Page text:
Government not listening to students – Defence Minister

2016-10-20 08:14
Defence Minister Nosiviwe Mapisa-Nqakula (Picture: AFP)

Defence Minister Nosiviwe Mapisa-Nqakula (Picture: AFP)

Multimedia   ·   User Galleries   ·   News in Pictures Send us your pictures  ·  Send us your stories

Pretoria – Government has failed to listen to students’ demands for free, quality higher education, Defence Minister Nosiviwe Mapisa-Nqakula said on Wednesday.

She was surprised to discover recently how well thought-out and researched students’ proposals on the matter had been, she told News24 in an interview.

"I was quick to say, after they spoke to us, that we have not listened to these kids. They are making a demand, but in their documents there are clear proposals on how to solve this thing."

She is part of the ministerial task team President Jacob Zuma announced on October 11. It was set up to help Higher Education Minister Blade Nzimande end protests at universities. It includes the ministers of home affairs, state security, police, planning and monitoring, and justice.

'Back to the drawing board'

She said she realised, while speaking to students, that the country’s leaders seemed to not have the full picture regarding their demands.

"To be honest, I was the first to go 'Whoa!' There are things we didn’t know, so we need to go back to the drawing board, and see what it is that we can do to appease them."

Her participation in the task team has led to fears that the army would be deployed to universities. She said this was not the case and she would keep a low profile at the task team.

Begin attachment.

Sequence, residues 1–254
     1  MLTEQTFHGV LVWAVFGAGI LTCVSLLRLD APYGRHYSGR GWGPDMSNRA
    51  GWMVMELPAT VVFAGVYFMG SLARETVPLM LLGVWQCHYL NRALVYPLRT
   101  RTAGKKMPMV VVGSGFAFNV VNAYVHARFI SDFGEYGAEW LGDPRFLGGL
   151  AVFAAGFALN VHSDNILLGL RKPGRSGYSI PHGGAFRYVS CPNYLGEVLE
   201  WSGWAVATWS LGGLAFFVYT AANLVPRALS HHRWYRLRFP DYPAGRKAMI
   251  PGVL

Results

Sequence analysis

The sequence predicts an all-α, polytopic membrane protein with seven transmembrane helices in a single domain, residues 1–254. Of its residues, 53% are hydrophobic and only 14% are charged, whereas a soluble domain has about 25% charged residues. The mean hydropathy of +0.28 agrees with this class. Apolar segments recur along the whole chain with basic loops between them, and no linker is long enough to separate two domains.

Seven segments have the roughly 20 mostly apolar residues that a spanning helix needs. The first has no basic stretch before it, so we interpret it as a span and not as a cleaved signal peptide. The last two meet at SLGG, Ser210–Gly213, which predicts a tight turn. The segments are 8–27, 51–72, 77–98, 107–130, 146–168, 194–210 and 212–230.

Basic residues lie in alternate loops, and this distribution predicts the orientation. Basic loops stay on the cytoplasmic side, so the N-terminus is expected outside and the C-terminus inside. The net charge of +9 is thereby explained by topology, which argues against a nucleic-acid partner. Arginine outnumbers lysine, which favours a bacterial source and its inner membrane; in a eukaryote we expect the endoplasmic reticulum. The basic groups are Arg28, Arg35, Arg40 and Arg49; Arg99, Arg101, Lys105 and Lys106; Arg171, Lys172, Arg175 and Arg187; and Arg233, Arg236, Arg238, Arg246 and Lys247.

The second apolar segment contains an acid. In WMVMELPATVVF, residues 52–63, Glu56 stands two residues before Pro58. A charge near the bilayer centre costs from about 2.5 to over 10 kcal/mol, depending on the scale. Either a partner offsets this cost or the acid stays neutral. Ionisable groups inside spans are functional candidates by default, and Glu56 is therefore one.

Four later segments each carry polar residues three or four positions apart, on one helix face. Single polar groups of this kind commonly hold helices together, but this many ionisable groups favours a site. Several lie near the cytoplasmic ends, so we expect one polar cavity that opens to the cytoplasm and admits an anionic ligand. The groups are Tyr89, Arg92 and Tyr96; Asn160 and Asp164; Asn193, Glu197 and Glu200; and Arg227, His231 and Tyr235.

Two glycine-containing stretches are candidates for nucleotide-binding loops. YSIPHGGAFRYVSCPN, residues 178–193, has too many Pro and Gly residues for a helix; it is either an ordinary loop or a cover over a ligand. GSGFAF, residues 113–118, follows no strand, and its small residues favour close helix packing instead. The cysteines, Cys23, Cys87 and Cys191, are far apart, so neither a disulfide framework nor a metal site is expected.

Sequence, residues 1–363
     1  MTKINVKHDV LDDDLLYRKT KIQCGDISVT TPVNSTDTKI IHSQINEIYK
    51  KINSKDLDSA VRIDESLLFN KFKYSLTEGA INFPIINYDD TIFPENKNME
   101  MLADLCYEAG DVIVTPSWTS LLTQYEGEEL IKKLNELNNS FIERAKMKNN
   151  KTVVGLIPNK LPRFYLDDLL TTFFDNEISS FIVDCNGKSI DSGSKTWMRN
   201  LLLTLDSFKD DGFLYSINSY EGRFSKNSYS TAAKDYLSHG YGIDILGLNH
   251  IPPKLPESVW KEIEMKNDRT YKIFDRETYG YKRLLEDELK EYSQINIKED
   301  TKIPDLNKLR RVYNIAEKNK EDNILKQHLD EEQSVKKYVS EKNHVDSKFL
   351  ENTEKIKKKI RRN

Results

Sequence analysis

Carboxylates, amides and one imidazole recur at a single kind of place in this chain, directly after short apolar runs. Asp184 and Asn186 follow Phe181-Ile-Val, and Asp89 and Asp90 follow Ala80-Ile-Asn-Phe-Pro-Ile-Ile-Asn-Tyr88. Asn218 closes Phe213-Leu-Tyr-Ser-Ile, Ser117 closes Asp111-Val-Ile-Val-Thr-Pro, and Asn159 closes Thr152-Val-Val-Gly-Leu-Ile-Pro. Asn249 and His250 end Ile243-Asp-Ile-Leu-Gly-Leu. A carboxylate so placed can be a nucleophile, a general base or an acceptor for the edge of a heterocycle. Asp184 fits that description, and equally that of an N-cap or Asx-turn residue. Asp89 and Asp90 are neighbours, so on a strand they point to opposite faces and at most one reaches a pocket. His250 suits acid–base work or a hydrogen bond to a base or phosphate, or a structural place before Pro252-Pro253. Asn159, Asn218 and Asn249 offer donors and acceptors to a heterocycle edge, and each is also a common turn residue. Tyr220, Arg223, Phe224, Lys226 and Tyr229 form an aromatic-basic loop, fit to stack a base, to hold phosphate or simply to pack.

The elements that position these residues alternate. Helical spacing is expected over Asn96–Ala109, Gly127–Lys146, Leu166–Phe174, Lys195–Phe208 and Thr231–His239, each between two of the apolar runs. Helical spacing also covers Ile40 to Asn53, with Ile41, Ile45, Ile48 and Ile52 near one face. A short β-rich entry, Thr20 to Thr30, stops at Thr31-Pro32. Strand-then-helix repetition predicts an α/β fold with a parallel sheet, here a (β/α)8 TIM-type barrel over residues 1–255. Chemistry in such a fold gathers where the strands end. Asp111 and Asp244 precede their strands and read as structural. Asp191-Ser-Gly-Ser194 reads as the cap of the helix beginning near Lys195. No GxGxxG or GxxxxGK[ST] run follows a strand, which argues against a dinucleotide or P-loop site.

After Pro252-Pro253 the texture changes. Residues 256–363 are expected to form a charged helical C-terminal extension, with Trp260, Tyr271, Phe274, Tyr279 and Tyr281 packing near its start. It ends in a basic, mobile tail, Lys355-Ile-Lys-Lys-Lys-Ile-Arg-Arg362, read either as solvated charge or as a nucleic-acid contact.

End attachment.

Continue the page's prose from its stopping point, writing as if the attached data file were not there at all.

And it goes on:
"I don’t want to be at the forefront, because when people see the minister of defence, they immediately shrink and get anxious, thinking defence is coming in."

During apartheid, it was almost a guarantee that soldiers would be sent to deal with students.

"It’s not 1976," she said.

Police panicking

She said police seemed to be acting in panic when handling protesting students, especially at the University of the Witwatersrand and Rhodes University.

"I think they are not confident in how to manage crowds."

She referred to their using shields, batons, water cannons, teargas, and when the situation became difficult, rubber bullets.

"I even asked what happened to dye?" she said, referring to how police dispersed crowds during her days in the anti-apartheid struggle.

She expressed concern about how police were firing rubber bullets. They should be aiming at protesters’ feet or the ground, instead of at their upper bodies. They should not try and injure, but "neutralise" the situation, she said.

Join the conversation!

24.com encourages commentary submitted via MyNews24. Contributions of 200 words or more will be considered for publication.

We reserve editorial discretion to decide what will be published.
Read our comments policy for guidelines on contributions.
NEXT ON NEWS24X

Inside News24

 
PARTNER CONTENT
INFOGRAPHIC: New thinking required for retirement

Everything we believe about retirement is fast becoming outdated.

/News

Book flights

Compare, Book, Fly

Traffic Alerts
There are new stories on the homepage. Click here to see them.
 
English
Afrikaans
isiZulu

Hello 

Create Profile

Creating your profile will enable you to submit photos and stories to get published on News24.


Please provide a username for your profile page:

This username must be unique, cannot be edited and will be used in the URL to your profile page across the entire 24.com network.

Settings

Location Settings

News24 allows you to edit the display of certain components based on a location. If you wish to personalise the page based on your preferences, please select a location for each component and click "Submit" in order for the changes to take affect.




Facebook Sign-In

Hi News addict,

Join the News24 Community to be involved in breaking the news.

Log in with Facebook to comment and personalise news, weather and listings.